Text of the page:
Pauline Galvin: ‘When people get together, the magic happens’

September 10, 2020
Pauline Galvin is on the right of Sue Bolton (in red). Photo: Chloe DS

Long-time community activist Pauline Galvin is standing as part of the Sue Bolton Moreland Team for a spot in the Moreland City Council in the elections on October 24. She is the lead candidate for the South Ward, which covers parts of Brunswick West and Brunswick East. She was interviewed for Green Left by Jacob Andrewartha.

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Why are you standing for council with the Sue Bolton Moreland Team?

I have a huge amount of respect for the work Sue has done on council. I also have quite strong socialist leanings: I describe my political colours as green and red. I’ve always had a strong interest in environmental issues, combined with a social perspective.

I am inspired by the way Sue ties a bigger picture analysis to local issues. To address problems, you need to have an analysis of why things happen rather than just concentrate on putting out spot fires all the time.

Sue’s openness and responsiveness to community members has been inspiring. Standing as an independent with Sue means we can be more responsive, more open and be a “clean broom” through council as well.

What sorts of issues do you want to raise?

The biggest thing is the climate emergency. I’ve been involved in climate campaigning, particularly around forest issues, for quite a few years. But it has become apparent that climate action is happening in the cities where councils are helping people reduce their carbon footprint.

I became involved and I met Sue on the picket line of the East West Link action. It was such a great experience. I saw what is possible when concerned citizens get together and get organised.

Suddenly, you have a lot more political reach than just “Concerned of Coburg” writing another sternly-worded letter to a newspaper. It’s when people get together that the magic happens: that’s the strength of a community campaign.

Transport is a major climate emergency issue because of its carbon footprint. Yet governments just keep building more and more mega-roads, spending money that could be better spent on the community.

In Moreland, those working on public transport issues intersect with others working on climate emergency issues, making it a very fertile place to be working.

Did your politics change after being involved in the East West link campaign?

The biggest change came when I discovered how much party politics is about putting the agenda of the party, rather than seeking the best outcome for the community.

Unless you get people being “squeaky wheels”, what happens is what suits those in power — whether that’s to get more votes or make lots of money for their political mates and donors. It is very rarely for the benefit of the community and the generations who will have to live with it.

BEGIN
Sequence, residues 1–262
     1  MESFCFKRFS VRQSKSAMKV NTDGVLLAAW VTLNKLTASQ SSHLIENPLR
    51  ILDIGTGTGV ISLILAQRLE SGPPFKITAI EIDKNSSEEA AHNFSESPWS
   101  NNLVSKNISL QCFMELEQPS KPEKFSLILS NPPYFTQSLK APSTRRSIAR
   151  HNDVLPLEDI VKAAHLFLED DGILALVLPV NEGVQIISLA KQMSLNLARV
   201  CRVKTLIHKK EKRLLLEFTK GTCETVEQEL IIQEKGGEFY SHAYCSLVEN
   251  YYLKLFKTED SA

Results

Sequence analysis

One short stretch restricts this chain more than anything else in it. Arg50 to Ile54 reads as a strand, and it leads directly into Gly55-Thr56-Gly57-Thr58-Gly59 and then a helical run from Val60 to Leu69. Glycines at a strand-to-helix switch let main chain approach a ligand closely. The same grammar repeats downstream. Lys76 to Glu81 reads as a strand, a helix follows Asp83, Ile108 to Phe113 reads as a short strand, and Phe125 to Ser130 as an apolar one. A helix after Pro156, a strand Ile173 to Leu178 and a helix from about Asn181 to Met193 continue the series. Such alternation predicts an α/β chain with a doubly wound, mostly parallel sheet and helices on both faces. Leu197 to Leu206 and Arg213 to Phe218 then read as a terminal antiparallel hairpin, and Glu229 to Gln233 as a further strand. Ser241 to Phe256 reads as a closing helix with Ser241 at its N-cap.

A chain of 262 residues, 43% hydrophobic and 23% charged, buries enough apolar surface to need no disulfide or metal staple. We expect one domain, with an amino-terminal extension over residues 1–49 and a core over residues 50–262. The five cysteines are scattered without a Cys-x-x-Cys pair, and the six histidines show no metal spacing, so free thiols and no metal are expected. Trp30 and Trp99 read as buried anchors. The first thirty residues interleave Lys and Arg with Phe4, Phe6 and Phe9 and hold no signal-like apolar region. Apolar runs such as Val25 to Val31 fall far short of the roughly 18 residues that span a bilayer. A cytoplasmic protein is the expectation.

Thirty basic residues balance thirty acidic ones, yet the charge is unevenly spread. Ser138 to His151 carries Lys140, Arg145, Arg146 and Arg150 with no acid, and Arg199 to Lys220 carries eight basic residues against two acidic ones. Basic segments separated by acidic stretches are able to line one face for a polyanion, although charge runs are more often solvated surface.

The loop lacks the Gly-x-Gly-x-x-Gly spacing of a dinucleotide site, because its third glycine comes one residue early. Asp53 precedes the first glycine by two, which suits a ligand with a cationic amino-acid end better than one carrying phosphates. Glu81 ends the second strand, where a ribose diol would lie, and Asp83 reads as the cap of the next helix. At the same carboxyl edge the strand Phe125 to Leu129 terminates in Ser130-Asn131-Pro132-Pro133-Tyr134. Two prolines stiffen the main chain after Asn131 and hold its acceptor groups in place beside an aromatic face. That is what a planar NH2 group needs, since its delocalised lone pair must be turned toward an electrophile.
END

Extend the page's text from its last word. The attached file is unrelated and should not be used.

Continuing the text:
The Sue Bolton Moreland Team is running on the slogan of ‘Community need, not developer’s greed’. Why did you decide that?

There has been a lot of development in Moreland in the past few years, and it is time to look at the outcomes. The primary concern is how much money developers are making. They are cramming a lot more dwellings onto a small footprint and more people than the suburbs’ infrastructure was designed for. They are not putting in transport for these extra people. They don’t provide access to parks and other amenities.

We need a more holistic approach: how are new residents integrating into the community and are their needs being met? We need to prioritise the community rather than who can make a quick buck.

The COVID-19 lockdown has shown me the importance of community development. Moreland Council should be supporting groups that do community development work, particularly around food and housing security. Those networks strengthen a community and give it resilience so when something happens there is already a network in place to help.

I want to push better governance on council. We should be looking into whether council is doing a good job and how do the outcomes compare to other councils? We need to ask what we will do to put a benchmark into place which involves not only knowing how we are doing, but what we are going to do differently.

We also need a system of overview to check back with what council is doing. Is what we are doing getting the outcomes we want? If not, we need to fine tune what we’re doing. Governance is critical to a quality assurance system cycle.

Can you talk about the platform you are campaigning on?

The climate emergency is crucial and Moreland Council has made some good first steps, but we need to crank up what we are doing.

There is the issue of toxic industrial waste: Brunswick has a long history of industry and there are a lot of old factories. There was a development on an old dry-cleaning site where the whole ground was riddled with toxic waste. The council needs to keep accurate records of the historic usage of land and how that affects future developments.

Community involvement is another thing I’m passionate about. If people are involved, we will get different perspectives, a fresh-eye approach so that those unintended consequences are snipped off so much earlier.

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